In 1997, Heslop got a call from a man named George Havas who asked him if he had taken pictures during the war, and asked if he had been at Ebensee. "You took my picture," Havas said. "There were four of us, and I was the one with the gash on my head." Havas had been to the National Archives and found the picture with Heslop's name on the back and had tracked him down. Later he wrote a letter:
"You sound like a rare, gentle, kind person. I wish there were more people like you — it would be a better world than it is," he wrote. "I can still 'see' you as a tall, American officer. You got up on a stool and shot us from above, with a large camera flash."
But not everything was so heart-rending. One of Heslop's favorite memories came from Paris just after they had arrived in Europe. "I didn't have an assignment, so I was doing a little sightseeing, just gawking around, and went up to the Arc de Triomphe. Up drives a car, and out hops Winston Churchill on one side, and out hops Charles DeGaulle on the other. They put a wreath on the grave of the Unknown Soldier, got back in the car and drove down the Champs-Elysees, where there were suddenly people lining both sides of the street."
There had been no announcement of the visit, so no other photographers were there. "I just started flipping off pictures, and then didn't know what to do with them, but someone contacted me and said 'We're from Public Relations, and we'd like to have your pictures.' So, I gave them the pictures and they sent them through the Associated Press and others across the world."
Some of Heslop's assignments included things like parties and gatherings of officers. He also worked with "psychological warfare, where they'd print leaflets to put in shells that were dropped over Germany."
GIs would often ask him to take their picture. "If I could find someone from Utah, I'd take a picture of them doing something. I found several of those."
He remembers another photo that got a lot of attention. "A hard day of fighting was over, and this soldier came back, and there was a puddle of water in the street. It had been raining. And his feet were killing him. He just took his shoes off and washed his feet and got some comfort, and I just came along and happened to see it."
Heslop also has a shot of German tanks lining a road. "That was how the war ended. The Germans just stopped, left everything and walked away."
After the war ended in Europe, Heslop's unit got a month's furlough back in the States, and then were scheduled to go to Japan. He was on the train going back to Georgia after being home with Fae and had to overnight in Meridian, Miss. "I was in a hotel and heard lots of commotion, people in the street yelling, fireworks going off. The A-bomb had been dropped, the war was over. I celebrated, too. I didn't have to go to Japan after all."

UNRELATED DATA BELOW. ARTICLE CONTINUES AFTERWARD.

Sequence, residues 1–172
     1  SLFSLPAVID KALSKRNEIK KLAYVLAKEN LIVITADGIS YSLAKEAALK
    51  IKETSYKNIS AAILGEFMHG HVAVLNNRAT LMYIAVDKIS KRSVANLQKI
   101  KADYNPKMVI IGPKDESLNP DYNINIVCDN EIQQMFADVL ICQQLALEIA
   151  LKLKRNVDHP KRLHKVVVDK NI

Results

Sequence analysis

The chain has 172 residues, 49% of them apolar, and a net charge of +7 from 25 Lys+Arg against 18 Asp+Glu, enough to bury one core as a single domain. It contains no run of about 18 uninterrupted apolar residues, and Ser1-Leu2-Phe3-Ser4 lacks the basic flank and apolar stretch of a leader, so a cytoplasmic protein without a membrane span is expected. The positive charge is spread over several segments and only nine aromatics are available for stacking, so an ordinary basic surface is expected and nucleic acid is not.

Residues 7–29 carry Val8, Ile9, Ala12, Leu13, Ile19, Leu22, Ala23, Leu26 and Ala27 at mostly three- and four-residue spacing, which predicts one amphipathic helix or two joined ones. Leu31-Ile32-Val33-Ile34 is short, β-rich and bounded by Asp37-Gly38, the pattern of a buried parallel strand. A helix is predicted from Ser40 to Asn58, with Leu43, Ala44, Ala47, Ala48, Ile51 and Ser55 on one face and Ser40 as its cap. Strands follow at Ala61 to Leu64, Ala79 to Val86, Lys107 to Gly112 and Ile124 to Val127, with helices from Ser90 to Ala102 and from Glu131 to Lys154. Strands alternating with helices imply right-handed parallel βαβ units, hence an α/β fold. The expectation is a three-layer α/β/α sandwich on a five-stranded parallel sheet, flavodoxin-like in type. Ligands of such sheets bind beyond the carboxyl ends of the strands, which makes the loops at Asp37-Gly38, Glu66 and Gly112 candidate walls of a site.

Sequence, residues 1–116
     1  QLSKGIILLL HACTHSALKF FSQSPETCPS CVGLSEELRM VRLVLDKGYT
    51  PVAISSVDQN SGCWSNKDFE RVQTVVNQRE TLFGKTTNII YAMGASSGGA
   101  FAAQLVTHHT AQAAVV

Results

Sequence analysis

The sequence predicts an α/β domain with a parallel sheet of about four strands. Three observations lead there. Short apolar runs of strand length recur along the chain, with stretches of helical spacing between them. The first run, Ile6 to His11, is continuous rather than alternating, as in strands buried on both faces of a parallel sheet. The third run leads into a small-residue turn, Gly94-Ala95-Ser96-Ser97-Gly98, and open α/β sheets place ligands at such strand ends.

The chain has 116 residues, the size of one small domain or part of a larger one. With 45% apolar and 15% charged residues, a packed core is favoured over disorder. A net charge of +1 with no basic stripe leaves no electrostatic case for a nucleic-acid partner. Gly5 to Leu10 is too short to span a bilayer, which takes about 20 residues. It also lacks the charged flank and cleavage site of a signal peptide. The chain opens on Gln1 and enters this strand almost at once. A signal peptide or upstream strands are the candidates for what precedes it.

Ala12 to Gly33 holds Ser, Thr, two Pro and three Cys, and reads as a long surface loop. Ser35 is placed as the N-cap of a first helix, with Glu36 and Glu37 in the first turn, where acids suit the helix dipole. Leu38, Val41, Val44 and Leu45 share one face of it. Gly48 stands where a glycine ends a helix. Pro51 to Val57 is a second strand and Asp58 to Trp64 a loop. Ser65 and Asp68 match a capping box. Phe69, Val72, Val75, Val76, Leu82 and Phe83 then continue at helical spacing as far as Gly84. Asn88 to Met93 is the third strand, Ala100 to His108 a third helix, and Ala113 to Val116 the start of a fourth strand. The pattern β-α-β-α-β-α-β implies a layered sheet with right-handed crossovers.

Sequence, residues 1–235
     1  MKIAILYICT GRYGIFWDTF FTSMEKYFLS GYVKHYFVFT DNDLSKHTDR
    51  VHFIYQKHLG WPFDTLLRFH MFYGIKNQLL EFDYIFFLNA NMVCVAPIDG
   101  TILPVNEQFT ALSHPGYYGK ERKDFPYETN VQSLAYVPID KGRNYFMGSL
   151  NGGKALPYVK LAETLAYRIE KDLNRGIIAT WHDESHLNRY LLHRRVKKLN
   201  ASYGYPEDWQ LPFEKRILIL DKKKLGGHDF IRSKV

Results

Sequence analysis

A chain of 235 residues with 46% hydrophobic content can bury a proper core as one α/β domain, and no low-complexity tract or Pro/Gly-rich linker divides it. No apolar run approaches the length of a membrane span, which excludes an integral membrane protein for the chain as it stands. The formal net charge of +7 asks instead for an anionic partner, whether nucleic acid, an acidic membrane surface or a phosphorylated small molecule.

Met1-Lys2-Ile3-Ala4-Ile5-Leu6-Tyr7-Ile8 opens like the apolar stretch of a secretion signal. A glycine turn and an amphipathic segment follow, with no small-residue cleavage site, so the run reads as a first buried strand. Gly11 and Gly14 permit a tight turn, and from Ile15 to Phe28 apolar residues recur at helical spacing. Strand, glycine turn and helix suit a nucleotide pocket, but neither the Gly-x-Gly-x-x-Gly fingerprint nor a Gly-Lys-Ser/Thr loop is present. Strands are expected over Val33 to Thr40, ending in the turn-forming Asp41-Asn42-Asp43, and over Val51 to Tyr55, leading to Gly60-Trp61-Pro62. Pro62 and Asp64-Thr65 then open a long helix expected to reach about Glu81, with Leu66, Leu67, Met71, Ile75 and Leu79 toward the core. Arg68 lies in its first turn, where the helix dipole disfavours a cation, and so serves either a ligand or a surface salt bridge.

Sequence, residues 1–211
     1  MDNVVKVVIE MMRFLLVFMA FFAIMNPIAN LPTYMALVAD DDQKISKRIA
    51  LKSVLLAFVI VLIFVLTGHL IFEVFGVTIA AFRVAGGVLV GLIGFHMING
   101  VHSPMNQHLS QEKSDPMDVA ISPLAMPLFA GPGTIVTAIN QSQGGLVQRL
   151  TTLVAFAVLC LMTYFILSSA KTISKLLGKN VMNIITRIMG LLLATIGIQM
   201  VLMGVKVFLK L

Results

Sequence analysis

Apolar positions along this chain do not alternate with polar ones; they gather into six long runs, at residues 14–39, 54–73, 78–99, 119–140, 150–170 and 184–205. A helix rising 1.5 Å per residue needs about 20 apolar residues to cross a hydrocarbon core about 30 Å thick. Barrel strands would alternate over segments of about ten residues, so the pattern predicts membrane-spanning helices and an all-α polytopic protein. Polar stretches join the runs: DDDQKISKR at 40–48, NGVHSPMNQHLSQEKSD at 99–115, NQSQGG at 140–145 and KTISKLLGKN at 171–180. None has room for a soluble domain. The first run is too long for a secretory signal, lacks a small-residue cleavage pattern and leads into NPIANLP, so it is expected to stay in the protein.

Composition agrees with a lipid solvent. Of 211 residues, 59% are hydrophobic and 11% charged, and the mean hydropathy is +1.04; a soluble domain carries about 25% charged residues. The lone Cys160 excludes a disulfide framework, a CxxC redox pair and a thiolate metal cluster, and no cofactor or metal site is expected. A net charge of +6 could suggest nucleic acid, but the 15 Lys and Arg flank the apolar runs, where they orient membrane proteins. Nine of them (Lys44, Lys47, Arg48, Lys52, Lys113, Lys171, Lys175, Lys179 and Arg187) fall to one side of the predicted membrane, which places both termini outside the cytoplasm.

Heslop came home, and with the rest of his generation, moved on to other things. He attended Utah State University, majoring in agriculture. "I was going to do agricultural photography." But he was hired as a photographer by the Deseret News, and stayed for 40 years. He went on to be chief photographer, then editor of the Church News. "When they asked me to do that, I said only if they would let me cover the church as the worldwide organization it was becoming." He did a lot of traveling and had some great opportunities there before becoming managing editor of the paper.
Heslop had put the war behind him;he didn't think much about it as he moved on with his life. "I'd forgotten about it until the TV thing; I met a guy who I'd known in the Army, and he was part of the series at KUED. I was about the last one they interviewed for that."
But he is glad to see the interest in preserving and documenting the war experience.
As Freeman says of the Saints at War project, "our goal and desire is to help increase public understanding of this chapter of our history, to educate, to deepen their appreciation, to pay tribute to men like J."
An image that sticks in Heslop's mind at war's end was when "I came across a group of men who were gathered with a chaplain. It was a Catholic chaplain, and he was doing Mass for those men who were so glad the war was over. And, I think there is a spirituality that goes with what they were doing in that war. They felt they had a cause. They weren't there because they enjoyed the war. They were there because it was important."
Nor was it just those men. "There were thousands and thousands of them who felt that way. There wasn't any question in their minds about what we were doing and why we were doing it. And I think that's what made the difference in that victory."
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